Other ways of obtaining weapons[edit]

The Vietcong were not always able to be supplied by the PAVN. They sometimes took weapons from US soldiers after an attack or raided US or South Vietnamese weapon stockpiles. This increased the number of weapons available and gave balance against the US arsenal

Citations and notes[edit]

  1. ^ Bart Hagerman, USA Airborne: 50th Anniversary, Turner Publishing Company, p.237
  2. ^ a b c d Lieutenant General John J. Tolson (1989). Vietnam Studies: Airmobility 1961–71. Department of the Army (US Government Printing Office). CMH Pub 90-4. 
  3. ^ "ITN news reel". Youtube. 16 July 2007. Retrieved 29 April 2011. 
  4. ^ George W. Smith, The siege at Hue, Lynne Reinner Publishers(1999) p. 142-143
  5. ^ Dwayne A. Day, Helicopters at War U.S. Centennial of Flight Commission
  6. ^ a b c d e f g h i j k l m n o p q r s t u v w x y Dockery, Kevin (December 2004). Weapons of the Navy SEALs. New York City: Berkley Publishing Group. p. 382. ISBN 0-425-19834-0. 
  7. ^ http://hunting.about.com/od/guns/l/aastm14_m1aa.htm
  8. ^ http://www.americanrifleman.org/articles/us-m16/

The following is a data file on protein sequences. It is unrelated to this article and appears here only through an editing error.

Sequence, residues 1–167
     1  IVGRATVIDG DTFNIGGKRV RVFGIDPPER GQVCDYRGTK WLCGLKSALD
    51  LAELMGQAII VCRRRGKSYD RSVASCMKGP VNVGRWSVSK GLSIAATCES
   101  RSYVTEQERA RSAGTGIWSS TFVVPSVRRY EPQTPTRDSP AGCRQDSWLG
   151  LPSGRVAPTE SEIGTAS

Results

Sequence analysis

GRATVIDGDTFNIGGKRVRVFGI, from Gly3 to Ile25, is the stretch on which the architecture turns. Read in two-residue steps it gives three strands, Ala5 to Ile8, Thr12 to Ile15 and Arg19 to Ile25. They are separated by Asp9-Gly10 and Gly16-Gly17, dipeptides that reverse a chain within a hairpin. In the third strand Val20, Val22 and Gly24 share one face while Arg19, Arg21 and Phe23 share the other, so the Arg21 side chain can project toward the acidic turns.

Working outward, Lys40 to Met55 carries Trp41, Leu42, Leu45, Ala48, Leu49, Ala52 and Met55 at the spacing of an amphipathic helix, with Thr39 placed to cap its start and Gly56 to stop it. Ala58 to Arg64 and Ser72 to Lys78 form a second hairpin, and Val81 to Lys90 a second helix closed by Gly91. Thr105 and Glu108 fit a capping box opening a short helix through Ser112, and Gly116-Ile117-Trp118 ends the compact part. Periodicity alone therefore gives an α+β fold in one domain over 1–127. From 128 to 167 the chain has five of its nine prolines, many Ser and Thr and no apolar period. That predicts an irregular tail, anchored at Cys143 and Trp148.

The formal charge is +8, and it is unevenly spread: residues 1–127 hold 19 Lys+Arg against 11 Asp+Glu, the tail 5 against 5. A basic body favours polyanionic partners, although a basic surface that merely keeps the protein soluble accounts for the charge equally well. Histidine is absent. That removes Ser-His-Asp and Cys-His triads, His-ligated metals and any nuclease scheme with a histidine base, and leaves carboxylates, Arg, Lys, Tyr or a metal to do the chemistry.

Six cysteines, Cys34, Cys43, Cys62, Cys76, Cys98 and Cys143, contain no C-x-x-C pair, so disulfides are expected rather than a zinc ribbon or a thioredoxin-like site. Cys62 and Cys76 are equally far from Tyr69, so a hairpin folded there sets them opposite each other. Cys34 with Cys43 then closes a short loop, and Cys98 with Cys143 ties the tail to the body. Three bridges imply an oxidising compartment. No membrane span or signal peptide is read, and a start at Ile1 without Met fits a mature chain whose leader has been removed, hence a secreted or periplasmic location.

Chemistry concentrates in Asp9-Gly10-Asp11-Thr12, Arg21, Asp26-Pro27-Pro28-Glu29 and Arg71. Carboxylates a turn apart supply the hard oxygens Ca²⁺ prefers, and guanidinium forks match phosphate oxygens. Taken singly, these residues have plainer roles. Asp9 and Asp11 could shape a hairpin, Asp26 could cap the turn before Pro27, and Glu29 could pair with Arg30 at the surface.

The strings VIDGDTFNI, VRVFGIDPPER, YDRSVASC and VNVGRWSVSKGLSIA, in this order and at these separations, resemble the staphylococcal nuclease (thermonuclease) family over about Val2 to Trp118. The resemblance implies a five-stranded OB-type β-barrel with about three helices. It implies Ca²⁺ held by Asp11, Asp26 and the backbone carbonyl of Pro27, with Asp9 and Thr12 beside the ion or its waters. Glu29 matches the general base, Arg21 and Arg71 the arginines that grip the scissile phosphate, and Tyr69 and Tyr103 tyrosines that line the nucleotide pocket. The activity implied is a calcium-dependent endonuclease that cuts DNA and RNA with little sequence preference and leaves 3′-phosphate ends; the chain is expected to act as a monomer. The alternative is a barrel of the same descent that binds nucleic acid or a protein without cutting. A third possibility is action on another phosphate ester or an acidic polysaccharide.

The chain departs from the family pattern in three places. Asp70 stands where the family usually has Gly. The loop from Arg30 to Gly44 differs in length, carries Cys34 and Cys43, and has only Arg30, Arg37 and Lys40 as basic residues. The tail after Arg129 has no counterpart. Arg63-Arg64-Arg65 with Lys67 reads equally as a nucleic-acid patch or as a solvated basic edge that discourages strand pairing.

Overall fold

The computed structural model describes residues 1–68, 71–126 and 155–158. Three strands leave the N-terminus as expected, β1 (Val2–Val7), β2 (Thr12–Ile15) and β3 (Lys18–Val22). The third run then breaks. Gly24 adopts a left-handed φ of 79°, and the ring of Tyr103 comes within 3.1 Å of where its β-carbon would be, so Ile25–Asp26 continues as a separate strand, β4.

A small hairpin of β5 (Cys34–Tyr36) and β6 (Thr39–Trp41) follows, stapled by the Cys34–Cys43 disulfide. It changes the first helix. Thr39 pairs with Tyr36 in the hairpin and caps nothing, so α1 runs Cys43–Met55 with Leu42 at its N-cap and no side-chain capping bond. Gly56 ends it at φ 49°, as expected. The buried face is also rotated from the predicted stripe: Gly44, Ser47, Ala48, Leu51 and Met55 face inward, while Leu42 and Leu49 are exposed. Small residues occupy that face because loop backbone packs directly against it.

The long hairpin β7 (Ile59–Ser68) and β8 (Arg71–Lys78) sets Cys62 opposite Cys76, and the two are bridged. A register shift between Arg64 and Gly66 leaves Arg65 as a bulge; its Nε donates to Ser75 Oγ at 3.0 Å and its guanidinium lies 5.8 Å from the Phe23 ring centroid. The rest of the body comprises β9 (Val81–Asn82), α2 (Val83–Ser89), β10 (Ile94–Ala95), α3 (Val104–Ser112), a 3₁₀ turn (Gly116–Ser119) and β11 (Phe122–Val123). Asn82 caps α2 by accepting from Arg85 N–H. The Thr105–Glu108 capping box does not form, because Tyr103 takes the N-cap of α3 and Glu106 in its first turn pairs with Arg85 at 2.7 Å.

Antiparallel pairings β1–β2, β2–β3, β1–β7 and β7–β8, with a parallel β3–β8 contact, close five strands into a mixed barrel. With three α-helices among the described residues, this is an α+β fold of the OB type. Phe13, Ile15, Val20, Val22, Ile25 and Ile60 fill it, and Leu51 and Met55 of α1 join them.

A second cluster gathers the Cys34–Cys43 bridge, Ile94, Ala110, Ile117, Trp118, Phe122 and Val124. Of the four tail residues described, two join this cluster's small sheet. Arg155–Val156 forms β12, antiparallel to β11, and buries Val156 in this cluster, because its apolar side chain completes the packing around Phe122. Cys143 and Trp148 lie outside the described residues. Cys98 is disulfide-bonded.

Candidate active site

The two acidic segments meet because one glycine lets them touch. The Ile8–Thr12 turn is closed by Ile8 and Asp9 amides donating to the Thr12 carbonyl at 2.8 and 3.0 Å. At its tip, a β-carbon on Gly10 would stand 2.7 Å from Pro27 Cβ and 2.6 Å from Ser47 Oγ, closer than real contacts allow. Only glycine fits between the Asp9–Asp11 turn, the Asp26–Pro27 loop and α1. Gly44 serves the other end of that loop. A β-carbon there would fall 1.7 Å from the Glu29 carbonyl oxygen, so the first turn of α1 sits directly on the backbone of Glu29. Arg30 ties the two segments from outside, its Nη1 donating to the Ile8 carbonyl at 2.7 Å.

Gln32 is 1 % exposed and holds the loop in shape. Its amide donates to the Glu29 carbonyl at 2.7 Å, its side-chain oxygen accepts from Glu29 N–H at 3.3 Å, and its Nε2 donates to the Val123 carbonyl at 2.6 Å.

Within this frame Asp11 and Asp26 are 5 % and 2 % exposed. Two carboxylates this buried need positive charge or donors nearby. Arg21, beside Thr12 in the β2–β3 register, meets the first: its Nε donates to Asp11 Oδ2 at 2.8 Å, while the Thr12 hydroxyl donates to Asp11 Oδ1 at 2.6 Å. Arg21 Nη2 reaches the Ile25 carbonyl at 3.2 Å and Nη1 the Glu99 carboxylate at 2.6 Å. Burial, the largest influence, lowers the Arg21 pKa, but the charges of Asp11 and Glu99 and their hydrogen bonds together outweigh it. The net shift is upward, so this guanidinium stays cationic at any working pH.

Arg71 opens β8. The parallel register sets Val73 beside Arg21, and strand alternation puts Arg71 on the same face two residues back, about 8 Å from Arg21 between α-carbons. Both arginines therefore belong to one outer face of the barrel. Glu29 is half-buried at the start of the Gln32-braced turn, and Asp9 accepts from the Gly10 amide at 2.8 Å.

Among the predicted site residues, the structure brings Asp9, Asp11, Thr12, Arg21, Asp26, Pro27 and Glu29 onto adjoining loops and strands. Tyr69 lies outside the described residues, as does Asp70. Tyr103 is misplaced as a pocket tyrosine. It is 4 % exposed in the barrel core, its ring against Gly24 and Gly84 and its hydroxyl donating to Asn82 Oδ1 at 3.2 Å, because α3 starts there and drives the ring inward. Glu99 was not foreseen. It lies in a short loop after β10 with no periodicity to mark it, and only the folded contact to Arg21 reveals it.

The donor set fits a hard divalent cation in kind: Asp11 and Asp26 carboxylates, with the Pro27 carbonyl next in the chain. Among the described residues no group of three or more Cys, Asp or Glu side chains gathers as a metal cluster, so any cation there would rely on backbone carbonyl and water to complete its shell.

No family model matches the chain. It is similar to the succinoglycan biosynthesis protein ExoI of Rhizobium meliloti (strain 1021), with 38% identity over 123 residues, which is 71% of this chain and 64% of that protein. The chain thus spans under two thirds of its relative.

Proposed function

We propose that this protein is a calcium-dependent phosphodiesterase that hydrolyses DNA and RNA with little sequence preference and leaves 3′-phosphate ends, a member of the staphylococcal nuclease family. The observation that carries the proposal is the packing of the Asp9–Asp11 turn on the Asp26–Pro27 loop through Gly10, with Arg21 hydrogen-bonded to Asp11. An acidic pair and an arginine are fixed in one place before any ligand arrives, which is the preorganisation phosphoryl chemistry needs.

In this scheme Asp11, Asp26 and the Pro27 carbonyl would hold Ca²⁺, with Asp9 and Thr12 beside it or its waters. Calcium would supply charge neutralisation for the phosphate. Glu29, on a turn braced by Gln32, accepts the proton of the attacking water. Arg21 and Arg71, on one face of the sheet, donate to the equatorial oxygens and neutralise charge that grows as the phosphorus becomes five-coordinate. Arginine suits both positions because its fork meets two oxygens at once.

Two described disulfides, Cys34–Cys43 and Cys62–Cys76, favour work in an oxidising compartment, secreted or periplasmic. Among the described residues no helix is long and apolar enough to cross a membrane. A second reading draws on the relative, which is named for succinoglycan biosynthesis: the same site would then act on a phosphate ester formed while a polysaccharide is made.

9. ^ Gander, Jerry (2002). Jane's Infantry Weapons 2002–2003. Jane's Information Group. pp. 214, 899–906. ISBN 0-7106-2434-4. 
  10. ^ Canfield, Bruce (2007). Complete Guide to US Military Combat Shotguns. Mowbray Publishers Inc. pp. 163–164. ISBN 1-931464-28-6. 
  11. ^ Vietnam Studies—Division-Level Communications 1962-1973, Lieutenant General Charles R. Myer, U.S. Department of the Army, 1982, Chapter 10
  12. ^ http://www.governmentattic.org/18docs/Hist_US_COMSEC_Boak_NSA_1973u.pdf A History of U.S. Communications Security; the David G. Boak Lectures, National Security Agency (NSA), Volumes I, 1973, Volumes II 1981, partially released 2008, additional portions declassified October 14, 2015
  13. ^ a b http://namfacts.tripod.com/id12.html

See also[edit]